1. Emotion Regulation: DBT teaches effective tools and strategies to regulate emotions, manage distress, and improve interpersonal relationships through group settings and role-playing exercises.
2. Group & Individual Therapy: Group therapy provides peer support while individual sessions allow therapists to address specific issues and develop personalized coping strategies.
Overall, DBT therapy offers a comprehensive approach that combines group support, individual therapy, and real-world application. Its focus on emotion regulation, interpersonal effectiveness, and coping skills equips individuals with the tools needed to navigate life’s challenges, improve emotional well-being, and cultivate more satisfying relationships.
DBT (Dialectical Behavior Therapy) can be beneficial for a wide range of individuals facing various emotional and behavioral challenges. Some of the groups that can benefit from DBT include:
We get a lot of questions about DBT and to help you better understand what Dialectical Behavior Therapy is.
We want to offer you information in order for you to make the right decision if DBT is going to be a healthy and beneficial option for you.,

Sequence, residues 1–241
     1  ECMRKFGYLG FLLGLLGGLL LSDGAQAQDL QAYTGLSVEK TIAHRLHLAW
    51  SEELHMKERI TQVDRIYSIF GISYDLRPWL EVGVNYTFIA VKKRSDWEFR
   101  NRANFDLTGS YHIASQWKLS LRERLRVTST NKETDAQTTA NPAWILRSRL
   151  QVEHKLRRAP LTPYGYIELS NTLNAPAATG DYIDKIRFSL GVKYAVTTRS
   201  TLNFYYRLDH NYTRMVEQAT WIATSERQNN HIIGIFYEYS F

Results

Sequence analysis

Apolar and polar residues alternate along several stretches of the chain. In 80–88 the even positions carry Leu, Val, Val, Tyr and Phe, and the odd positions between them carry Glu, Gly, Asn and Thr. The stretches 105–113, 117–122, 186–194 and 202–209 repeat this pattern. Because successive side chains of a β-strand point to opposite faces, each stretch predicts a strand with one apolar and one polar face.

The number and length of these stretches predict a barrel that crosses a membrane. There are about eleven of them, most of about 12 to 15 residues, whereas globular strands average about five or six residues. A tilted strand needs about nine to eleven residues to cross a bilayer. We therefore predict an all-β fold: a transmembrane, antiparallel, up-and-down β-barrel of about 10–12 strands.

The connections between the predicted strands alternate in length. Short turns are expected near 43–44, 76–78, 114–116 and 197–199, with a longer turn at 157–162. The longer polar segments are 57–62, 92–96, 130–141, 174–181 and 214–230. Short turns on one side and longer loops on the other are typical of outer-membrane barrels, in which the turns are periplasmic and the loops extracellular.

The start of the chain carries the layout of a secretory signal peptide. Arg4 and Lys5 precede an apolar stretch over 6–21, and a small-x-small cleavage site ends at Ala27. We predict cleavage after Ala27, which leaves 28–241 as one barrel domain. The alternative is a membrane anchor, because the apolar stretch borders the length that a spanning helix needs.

Here are some of the more common questions and answers for you.
If you don’t find the information you are looking for, remember, we are here to speak with you and offer a free 15 minute consultation.
1. Is DBT for young adults helpful?
Yes! DBT for young adults can be extremely helpful when they are struggling with things like:
While it was initially developed for people afflicted with Borderline Personality Disorder, it can be adapted to treat:
2. Does DBT for recovery really work?
Absolutely! The reason we can say yes without a doubt is that recovery is often part of dealing with other co-occurring mental health conditions. DBT teaches individuals how to identify and label emotions, especially ones that can trigger a response. Coping skills are also part of managing stress and staying calm. Goal setting and achievement is also encouraged and developed.